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Powhatan Nation, East Algonquian

Posted in History, Pagan with tags , , , , , , , , , , on February 23, 2013 by Drogo


Chief Powhatan Wahunsonacock father of Pocahontas; his brother was Chief Opechancanough (Opequon)

Powhatan = waterfall ; king chief ; weroances, or chiefs ; wisakon = bitter medicine spirits ; Quiocosins – holy temples

Powhatan Priest – Uttamatomakkin ; high priest – Mamanatowick ; kwiocosuk – shamans

kwiokos = shamanic minor deity spirits in powerful humans (priests) and other animals

Kwiokosuk = all gods as represented by a council of priests

Great Goddess of the Four Winds – aided spirits to go west in the air after death

Okeus = human war, Justice, Vengeance, & Punishment / Kiwasa

Okeus frowning effigies made of black painted skins stuffed with moss, with hanging chains, pearls, and copper jewelry

Ahone (Rawottonemd) – Great Rabbit Creator Deity, made animals, but humans he kept in a bag for awhile, until later letting them out.


Powhatan Chiefdom subtribes: Powhatan, Arrohateck, Appamattuck, Pamunkey, Mattaponi, Kecoughtan, and Chiskiack; including bands from Youghtanund, Rappahannocks, Moraughtacund, Weyanoak, Paspahegh, Quiyoughcohannock, Warraskoyack, Chickahominy, Nansemond, immigrant African slaves, and white servants. Some Accawmacke paid tribute from the other side of the Chesapeake Bay. Some Powhatan migrated to the Lenape, in Delaware.


Powhatan were polytheists that allowed individuals to choose which gods to emphasize, one denies what another affirms, their pantheon was flexible; with no rigid ritual calendar, but gave offerings for harvests and victories. They regularly bathed in rivers, made circles of tobacco, and worshiped the sun with emphatic noise and gestures. Powhatan made painted carved wood post totems and, and straw stuffed totems, for guarding temples and drawing strength from: dragons (horned serpents), wolves, foxes, bears, cougars, crows, giants. Ordinary Powhatans read omens, used totems, and communicated with spirits directly and daily, medicine priests healed using herbs first and then spirit ceremonies.


Powhatan lived in both wigwams and Iroquois-style longhouses. Some Powhatan villages were encircled with vertical log wall palisades. Powhatans wore knee-length fringed skirts and breech-cloths, with leggings, mantles, moccasins, and feather cloaks in Winter. They decorated themselves with bead jewelry, feathers, body paint and tattoos. They wore their hair long, but often had variations like cutting one side, cutting a crest, and binding. They made beads, baskets, dugout canoes by hollowing out large trees, wampum out of white and purple shell beads, and used dogs as pack animals. Powhatan warriors used tomahawks, clubs, shields, bows, and spears. Wampum belts often represented a story. Powhatan women grew corn, squash and beans. Powhatan men hunted for deer, turkeys, and small game; and fished on the shores. Powhatan foods included soup, cornbread, and stews.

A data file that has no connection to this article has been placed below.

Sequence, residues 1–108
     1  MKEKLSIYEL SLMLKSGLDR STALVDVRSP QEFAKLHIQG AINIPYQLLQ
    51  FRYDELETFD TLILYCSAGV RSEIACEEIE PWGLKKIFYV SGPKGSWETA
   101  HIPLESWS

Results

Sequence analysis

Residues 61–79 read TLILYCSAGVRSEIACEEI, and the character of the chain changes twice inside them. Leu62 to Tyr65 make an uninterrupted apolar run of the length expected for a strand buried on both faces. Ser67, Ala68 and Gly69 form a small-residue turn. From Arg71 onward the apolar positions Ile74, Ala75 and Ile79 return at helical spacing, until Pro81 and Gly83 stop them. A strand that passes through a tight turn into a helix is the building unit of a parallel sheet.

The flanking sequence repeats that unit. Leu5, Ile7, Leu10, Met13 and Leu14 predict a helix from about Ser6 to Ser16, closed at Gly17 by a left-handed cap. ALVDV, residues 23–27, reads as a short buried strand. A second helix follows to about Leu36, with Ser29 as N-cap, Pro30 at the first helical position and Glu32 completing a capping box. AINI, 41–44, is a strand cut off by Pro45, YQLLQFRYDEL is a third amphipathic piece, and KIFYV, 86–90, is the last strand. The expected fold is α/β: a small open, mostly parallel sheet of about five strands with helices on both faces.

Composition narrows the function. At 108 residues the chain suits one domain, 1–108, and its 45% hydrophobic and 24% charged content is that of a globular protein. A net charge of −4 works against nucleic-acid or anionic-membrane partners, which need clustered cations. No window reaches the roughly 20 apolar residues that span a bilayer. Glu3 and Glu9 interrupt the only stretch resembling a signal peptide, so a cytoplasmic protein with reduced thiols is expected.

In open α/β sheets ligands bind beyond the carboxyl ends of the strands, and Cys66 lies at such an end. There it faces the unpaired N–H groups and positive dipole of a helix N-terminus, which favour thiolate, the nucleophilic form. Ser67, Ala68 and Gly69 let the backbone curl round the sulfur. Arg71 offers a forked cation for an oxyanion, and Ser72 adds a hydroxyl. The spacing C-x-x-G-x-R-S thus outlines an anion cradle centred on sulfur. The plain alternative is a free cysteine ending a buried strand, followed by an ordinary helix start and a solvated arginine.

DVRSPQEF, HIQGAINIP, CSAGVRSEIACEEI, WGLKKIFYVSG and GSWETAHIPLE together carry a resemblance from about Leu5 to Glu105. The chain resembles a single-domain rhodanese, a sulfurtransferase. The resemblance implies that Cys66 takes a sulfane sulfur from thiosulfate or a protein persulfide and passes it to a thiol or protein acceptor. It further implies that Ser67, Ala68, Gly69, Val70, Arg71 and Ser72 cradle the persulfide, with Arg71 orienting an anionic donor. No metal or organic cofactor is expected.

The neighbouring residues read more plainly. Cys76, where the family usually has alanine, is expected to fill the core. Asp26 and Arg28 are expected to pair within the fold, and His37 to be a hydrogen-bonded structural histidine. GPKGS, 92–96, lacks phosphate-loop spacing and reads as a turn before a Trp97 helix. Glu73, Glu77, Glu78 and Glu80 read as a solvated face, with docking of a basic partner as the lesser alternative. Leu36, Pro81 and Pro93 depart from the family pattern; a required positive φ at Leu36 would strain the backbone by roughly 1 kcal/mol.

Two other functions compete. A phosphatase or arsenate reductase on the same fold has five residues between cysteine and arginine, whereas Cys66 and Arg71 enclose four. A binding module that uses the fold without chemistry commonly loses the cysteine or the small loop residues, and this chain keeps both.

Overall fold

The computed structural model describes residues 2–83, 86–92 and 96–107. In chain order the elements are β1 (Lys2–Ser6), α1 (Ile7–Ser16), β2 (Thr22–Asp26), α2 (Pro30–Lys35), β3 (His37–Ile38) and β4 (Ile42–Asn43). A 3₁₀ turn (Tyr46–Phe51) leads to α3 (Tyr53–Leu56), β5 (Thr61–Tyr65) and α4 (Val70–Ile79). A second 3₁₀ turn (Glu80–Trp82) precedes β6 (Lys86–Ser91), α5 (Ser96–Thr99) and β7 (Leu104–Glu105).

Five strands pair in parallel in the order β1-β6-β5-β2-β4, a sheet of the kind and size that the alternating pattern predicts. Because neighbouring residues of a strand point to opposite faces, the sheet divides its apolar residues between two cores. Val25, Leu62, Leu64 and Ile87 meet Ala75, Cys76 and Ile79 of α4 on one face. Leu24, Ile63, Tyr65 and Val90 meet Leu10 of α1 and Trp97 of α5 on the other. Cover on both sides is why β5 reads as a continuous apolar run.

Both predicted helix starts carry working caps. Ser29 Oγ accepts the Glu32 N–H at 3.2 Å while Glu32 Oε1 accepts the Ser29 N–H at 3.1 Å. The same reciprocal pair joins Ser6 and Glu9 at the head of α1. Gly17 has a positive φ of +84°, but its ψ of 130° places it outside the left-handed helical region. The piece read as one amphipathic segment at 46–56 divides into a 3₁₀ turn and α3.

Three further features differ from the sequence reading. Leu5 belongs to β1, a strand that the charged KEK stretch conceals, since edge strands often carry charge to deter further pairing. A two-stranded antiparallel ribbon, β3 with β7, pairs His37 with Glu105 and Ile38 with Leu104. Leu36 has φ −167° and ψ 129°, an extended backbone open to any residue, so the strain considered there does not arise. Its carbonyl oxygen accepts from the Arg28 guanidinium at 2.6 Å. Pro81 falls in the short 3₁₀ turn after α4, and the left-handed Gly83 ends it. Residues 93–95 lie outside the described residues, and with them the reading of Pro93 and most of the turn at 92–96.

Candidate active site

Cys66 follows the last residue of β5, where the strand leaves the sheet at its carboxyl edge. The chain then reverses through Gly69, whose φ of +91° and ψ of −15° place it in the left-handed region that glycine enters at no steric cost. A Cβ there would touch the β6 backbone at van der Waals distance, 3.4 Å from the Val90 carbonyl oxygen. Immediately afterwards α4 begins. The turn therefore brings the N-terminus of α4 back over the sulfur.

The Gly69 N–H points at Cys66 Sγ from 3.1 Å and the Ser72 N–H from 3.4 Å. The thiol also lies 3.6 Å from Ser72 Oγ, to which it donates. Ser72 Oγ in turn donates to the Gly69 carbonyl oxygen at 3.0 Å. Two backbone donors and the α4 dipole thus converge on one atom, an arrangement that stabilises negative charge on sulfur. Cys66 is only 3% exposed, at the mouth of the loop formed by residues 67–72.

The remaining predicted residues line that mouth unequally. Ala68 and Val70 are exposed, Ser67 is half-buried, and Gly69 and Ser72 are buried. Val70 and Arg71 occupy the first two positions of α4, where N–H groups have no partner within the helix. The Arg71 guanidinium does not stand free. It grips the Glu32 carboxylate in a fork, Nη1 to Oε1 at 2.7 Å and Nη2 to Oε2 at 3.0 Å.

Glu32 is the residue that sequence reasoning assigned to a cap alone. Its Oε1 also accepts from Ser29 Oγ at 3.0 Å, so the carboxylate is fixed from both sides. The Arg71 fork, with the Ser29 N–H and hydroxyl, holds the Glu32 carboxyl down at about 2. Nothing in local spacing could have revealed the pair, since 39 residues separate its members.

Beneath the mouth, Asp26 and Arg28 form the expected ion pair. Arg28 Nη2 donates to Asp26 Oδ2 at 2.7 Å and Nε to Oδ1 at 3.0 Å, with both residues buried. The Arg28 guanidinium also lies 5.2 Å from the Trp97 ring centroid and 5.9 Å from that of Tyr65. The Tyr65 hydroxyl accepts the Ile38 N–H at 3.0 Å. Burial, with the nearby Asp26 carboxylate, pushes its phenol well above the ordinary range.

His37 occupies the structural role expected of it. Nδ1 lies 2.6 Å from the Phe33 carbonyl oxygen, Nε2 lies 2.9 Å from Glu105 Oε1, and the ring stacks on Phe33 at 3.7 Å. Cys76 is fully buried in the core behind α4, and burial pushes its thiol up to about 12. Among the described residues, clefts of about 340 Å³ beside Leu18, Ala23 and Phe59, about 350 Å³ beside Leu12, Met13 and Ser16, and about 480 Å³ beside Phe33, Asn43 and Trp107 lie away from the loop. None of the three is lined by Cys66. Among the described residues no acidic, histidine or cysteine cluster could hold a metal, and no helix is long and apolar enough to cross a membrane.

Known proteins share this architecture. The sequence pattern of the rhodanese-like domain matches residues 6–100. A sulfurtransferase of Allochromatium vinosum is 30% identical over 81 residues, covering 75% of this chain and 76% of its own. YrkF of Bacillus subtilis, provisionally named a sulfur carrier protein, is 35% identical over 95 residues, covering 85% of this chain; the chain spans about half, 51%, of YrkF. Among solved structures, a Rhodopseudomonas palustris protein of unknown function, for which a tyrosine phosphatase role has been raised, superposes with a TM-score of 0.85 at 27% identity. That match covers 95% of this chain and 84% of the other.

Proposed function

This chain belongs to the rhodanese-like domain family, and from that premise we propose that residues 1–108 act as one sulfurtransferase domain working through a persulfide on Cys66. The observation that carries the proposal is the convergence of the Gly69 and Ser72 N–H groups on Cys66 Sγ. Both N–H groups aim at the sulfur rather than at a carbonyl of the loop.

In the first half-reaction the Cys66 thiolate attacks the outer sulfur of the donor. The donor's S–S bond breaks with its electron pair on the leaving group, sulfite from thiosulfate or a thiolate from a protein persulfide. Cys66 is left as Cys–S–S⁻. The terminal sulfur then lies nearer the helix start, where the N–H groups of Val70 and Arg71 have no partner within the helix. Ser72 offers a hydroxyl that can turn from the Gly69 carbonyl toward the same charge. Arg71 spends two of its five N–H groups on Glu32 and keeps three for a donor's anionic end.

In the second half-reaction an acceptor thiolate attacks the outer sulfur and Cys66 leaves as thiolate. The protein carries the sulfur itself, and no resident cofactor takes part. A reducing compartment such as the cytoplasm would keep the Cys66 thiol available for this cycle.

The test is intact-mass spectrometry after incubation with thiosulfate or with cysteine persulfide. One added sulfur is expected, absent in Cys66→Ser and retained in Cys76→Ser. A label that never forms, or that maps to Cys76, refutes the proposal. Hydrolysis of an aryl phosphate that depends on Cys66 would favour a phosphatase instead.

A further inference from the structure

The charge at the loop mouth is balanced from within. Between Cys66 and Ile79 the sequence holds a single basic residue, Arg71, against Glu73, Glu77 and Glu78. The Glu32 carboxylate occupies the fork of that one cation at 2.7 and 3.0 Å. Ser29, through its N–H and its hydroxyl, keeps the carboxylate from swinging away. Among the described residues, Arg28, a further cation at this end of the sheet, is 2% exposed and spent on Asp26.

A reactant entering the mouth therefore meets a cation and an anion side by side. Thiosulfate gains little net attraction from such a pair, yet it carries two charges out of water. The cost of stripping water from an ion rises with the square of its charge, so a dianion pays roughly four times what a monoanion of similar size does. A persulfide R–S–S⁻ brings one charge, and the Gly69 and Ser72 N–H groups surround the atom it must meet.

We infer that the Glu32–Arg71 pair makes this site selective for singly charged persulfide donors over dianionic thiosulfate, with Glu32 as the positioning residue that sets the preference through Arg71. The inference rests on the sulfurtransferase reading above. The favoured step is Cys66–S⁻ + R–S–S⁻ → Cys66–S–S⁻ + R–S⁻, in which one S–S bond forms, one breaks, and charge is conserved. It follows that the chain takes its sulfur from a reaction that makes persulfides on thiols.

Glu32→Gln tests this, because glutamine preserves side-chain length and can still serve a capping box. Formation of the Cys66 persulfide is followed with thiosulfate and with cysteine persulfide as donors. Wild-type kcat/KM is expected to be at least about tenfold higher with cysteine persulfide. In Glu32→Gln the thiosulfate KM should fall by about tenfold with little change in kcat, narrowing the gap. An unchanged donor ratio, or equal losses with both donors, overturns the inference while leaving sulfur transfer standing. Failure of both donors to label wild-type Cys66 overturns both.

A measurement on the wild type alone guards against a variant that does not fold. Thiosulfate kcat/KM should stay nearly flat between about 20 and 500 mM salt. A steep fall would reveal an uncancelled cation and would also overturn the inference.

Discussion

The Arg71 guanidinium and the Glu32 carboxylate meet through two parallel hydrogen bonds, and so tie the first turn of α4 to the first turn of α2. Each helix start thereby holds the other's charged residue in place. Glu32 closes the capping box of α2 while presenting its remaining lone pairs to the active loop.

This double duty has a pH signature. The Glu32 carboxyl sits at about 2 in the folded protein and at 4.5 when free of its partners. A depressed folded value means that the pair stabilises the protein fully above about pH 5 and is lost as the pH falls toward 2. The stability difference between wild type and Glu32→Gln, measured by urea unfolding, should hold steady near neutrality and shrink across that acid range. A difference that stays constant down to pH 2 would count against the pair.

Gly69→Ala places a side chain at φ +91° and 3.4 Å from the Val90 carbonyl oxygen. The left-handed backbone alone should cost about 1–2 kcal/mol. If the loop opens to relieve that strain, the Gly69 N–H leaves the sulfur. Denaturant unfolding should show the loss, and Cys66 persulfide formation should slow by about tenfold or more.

There were over 10,000 Powhatans in Virginia when the English settled Jamestown in 1607. By 1646, the Powhatan had been largely destroyed by war and foreign diseases. Recently Virginia has recognized eight Powhatan descended tribes with at least 3,000 remaining members. Mattaponi and Pamunkey still retain their reservations from the 17th century and are located in King William County, Virginia. Along with African Americans in Virginia, Native Americans have suffered years of cultural warfare and racism that continues today.


There was significant overlap between Algonquian and Iroquois languages, culture, and territory. The Erie Iroquois (Eriechronon) were once a powerful tribe that spread from Lake Erie, down south towards the Cherokee and Tuscarora (Iroquois relatives), and the East-Coast Algonquian. They once lived in New York, Pennsylvania, Ohio, and Virginia; but were decimated by war with the neighboring tribes. Erie survivors and their encroached territories were absorbed by other Iroquois tribes (Seneca & Susquehannock). Erielhonan were called the “Cat” or the “Raccoon” people because of their “long tail” which they wore. They lived in long houses in villages enclosed in palisades. Both their ornamental “long tails”, and their architecture were specifically shared by the Powhatan. The Powhatan clearly inherited or adopted those styles from the Erie. The Erie had already dwindled in that region by the 1600s, diminished in national power, and are now lost to history, except for these few details.